Japanese Texts, Texts, The Masters

Jijuyu Zanmai – Master Dogen’s Self-Receiving and Employing Samadhi

The Jijuyu Zanmai is the second section of the first part of Dogen’s Bendowa – ‘The Endeavor of the Way’ and concerns the experience of zazen itself. The whole text of the Bendowa is held in high esteem as being Dogen’s best and most comprehensible explanation of his understanding of Zen and the Dharma. There are many translations of this section, the Jijuyu Zanmai, which is chanted in some Soto Zen monasteries. The text below is interpreted by the San Francisco Zen Center, as is the translation of the title as Self-Receiving and Employing Samadhi. ‘Ji’ means self or in oneself, ‘ju’ means to receive or accept and ‘yu’ means to work or function in concentrated union. ‘Zanmai’ is the Japanese term for Samadhi, focused meditation in the practice of zazen.



Now, all ancestors and all buddhas who uphold buddha-dharma have made it the true path of enlightenment to sit upright practicing in the midst of self-fulfilling samadhi. Those who attained enlightenment in India and China followed this way. It was done so because teachers and disciples personally transmitted this excellent method as the essence of the teaching.

In the authentic tradition of our teaching, it is said that this directly transmitted, straightforward buddha-dharma is the unsurpassable of the unsurpassable. From the first time you meet a master, without engaging in incense offering, bowing, chanting Buddha’s name, repentance, or reading scriptures, you should just wholeheartedly sit, and thus drop away body and mind.

“From the first time you meet a master… you should just wholeheartedly sit.”

When even for a moment you express the Buddha’s seal in the three actions by sitting upright in samadhi, the whole phenomenal world becomes the Buddha’s seal and the entire sky turns into enlightenment. Because of this all buddha tathagatas as the original source increase their dharma bliss and renew their magnificence in the awakening of the way. Furthermore, all beings in the ten directions and the six realms, including the three lower realms, at once obtain pure body and mind, realize the state of great emancipation, and manifest the original face. At this time, all things realize correct awakening; myriad objects partake of the buddha body; and sitting upright under the bodhi tree, you immediately leap beyond the boundary of awakening. At this moment you turn the unsurpassably great dharma wheel and expound the profound wisdom, ultimate and unconditioned.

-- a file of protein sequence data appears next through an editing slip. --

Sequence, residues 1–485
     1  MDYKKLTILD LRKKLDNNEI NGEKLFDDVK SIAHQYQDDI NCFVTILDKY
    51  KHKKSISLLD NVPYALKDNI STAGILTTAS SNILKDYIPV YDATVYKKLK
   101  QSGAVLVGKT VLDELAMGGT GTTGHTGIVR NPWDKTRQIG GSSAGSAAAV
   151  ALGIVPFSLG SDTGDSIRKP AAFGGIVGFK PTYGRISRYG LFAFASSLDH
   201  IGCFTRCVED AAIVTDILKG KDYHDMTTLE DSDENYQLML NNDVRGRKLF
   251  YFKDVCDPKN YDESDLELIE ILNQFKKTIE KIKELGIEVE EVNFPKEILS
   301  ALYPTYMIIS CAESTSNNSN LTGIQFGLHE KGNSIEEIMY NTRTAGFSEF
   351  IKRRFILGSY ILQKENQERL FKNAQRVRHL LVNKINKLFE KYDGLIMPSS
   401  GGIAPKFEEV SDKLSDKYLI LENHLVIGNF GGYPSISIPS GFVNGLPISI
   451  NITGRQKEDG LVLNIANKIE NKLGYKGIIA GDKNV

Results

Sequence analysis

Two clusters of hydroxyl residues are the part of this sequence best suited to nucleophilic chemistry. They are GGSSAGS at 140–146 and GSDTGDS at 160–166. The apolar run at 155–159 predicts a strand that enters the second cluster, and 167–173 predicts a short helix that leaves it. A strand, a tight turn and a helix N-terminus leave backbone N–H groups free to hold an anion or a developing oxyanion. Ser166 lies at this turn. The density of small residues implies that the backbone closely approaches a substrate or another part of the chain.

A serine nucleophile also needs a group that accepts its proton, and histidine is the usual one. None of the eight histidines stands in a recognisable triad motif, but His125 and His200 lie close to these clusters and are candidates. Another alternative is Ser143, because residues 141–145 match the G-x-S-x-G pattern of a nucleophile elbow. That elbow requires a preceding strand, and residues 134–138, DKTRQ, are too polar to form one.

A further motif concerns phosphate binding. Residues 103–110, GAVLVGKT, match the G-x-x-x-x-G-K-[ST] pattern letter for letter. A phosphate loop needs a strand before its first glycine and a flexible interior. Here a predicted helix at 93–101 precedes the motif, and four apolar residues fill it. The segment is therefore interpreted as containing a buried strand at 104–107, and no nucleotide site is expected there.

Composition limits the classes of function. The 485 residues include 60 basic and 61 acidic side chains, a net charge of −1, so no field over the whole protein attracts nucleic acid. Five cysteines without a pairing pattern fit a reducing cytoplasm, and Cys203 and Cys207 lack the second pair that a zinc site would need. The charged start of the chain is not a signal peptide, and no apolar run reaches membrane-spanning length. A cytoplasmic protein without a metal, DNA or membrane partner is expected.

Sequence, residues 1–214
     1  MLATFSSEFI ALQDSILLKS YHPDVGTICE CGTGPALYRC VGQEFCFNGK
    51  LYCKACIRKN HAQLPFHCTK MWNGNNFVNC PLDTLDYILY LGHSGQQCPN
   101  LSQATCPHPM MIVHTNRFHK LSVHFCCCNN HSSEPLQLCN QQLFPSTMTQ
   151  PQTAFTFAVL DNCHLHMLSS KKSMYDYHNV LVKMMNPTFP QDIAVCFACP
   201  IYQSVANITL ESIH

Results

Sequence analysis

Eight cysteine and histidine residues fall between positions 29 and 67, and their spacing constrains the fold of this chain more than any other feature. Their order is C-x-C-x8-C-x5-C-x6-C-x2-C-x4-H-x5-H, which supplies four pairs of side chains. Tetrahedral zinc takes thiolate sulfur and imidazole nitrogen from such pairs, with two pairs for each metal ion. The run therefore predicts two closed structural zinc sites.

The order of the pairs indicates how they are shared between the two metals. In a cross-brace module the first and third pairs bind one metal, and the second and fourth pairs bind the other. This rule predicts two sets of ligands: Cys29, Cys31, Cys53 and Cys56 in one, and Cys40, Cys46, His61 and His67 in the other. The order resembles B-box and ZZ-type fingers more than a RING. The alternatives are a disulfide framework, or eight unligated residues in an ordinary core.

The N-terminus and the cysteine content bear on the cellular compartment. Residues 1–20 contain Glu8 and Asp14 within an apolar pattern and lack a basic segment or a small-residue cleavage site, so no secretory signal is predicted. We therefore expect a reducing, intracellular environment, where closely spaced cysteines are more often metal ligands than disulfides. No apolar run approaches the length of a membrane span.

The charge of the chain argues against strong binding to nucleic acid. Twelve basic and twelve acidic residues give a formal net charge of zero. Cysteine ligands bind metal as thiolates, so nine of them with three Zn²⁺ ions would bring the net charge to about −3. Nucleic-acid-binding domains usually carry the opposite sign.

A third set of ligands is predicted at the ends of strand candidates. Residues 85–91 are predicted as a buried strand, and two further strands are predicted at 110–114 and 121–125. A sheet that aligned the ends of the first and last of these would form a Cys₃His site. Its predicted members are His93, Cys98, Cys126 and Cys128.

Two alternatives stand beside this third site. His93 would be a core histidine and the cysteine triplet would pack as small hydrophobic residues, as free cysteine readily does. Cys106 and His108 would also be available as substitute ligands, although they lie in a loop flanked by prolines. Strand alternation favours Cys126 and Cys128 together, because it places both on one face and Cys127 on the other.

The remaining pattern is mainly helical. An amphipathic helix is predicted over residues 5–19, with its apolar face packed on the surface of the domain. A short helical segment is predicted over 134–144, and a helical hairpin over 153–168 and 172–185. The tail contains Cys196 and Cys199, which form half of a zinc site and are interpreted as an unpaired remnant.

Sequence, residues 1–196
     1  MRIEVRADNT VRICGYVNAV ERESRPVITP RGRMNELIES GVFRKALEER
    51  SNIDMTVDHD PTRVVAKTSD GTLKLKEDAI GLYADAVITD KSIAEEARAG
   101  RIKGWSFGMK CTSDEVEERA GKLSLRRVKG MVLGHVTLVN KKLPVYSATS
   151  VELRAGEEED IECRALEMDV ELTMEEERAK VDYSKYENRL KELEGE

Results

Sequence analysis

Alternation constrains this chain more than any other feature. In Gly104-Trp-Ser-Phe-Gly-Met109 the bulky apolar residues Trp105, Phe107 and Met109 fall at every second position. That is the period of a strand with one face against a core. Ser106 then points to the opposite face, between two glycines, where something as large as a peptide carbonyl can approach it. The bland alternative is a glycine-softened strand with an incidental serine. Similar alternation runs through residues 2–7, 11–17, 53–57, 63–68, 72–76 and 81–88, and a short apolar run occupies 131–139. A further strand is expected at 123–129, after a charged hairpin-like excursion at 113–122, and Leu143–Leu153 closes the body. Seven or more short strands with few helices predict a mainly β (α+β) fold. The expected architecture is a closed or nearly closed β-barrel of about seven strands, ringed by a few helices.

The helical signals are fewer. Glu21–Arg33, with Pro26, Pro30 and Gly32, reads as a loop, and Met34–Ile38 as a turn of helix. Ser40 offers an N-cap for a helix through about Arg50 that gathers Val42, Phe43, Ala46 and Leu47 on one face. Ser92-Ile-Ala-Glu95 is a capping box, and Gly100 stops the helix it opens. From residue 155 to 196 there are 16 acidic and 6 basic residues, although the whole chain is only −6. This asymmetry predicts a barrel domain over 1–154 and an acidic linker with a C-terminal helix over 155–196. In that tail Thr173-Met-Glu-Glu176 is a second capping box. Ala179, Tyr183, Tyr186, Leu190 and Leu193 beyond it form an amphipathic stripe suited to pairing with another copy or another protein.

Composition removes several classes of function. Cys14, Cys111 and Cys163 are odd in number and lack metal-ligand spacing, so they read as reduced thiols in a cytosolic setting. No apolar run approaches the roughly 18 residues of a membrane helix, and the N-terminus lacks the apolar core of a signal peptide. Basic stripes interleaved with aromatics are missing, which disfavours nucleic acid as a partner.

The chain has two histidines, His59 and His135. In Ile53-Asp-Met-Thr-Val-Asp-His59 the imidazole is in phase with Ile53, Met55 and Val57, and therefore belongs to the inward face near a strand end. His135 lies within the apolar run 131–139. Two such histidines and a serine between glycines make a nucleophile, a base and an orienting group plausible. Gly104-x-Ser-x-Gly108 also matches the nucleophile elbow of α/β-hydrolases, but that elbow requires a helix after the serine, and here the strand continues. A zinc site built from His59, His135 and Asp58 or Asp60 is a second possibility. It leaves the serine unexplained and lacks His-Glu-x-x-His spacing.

Because such broad awakening resonates back to you and helps you inconceivably, you will in zazen unmistakably drop away body and mind, cutting off the various defiled thoughts from the past, and realize essential buddha-dharma. Thus you will raise up buddha activity at innumerable practice places of buddha tathagatas everywhere, cause everyone to have the opportunity of ongoing buddhahood, and vigorously uplift the ongoing buddha-dharma.

“In stillness, mind and object merge in realization and go beyond enlightenment.”

Because earth, grass, trees, walls, tiles, and pebbles all engage in buddha activity, those who receive the benefit of wind and water caused by them are inconceivably helped by the Buddha’s guidance, splendid and unthinkable, and awaken intimately to themselves. Those who receive these water and fire benefits spread the Buddha’s guidance based on original awakening. Because of this, all those 28 who live with you and speak with you will obtain endless buddha virtue and will unroll widely inside and outside of the entire universe, the endless, unremitting, unthinkable, unnamable buddha-dharma.

All this, however, does not appear within perception, because it is unconstructedness in stillness-it is immediate realization. If practice and realization were two things, as it appears to an ordinary person, each could be recognized separately. But what can be met with recognition is not realization itself, because realization is not reached by a deluded mind. In stillness, mind and object merge in realization and go beyond enlightenment; nevertheless, because you are in the state of self-fulfilling samadhi, without disturbing its quality or moving a particle you extend the Buddha’s great activity, the incomparably profound and subtle teaching.

“This is not only practice while sitting, it is like a hammer striking emptiness: before and after, its exquisite peal permeates everywhere. How can it be limited to this moment?”

Grass, trees, and lands which are embraced by this teaching together radiate a great light and endlessly expound the inconceivable, profound dharma. Grass, trees, and walls bring forth the teaching for all beings, common people as well as sages. And they in accord extend this dharma for the sake of grass, trees, and walls. Thus, the realm of self-awakening and awakening others invariably holds the mark of realization with nothing lacking, and realization itself is manifested without ceasing for a moment.

This being so, the zazen of even one person at one moment imperceptibly accords with all things and fully resonates through all time. Thus in the past, future, and present of the limitless universe this zazen carries on the Buddha’s teaching endlessly. Each moment of zazen is equally wholeness of practice, equally wholeness of realization.

This is not only practice while sitting, it is like a hammer striking emptiness: before and after, its exquisite peal permeates everywhere. How can it be limited to this moment? Hundreds of things all manifest original practice from the original face; it is impossible to measure. Know that even if all buddhas of the ten directions, as innumerable as the sands of the Ganges, exert their strength and with the buddhas’ wisdom try to measure the merit of one person’s zazen, they will not be able to fully comprehend it.


Eihei Dogen (1200-1253)


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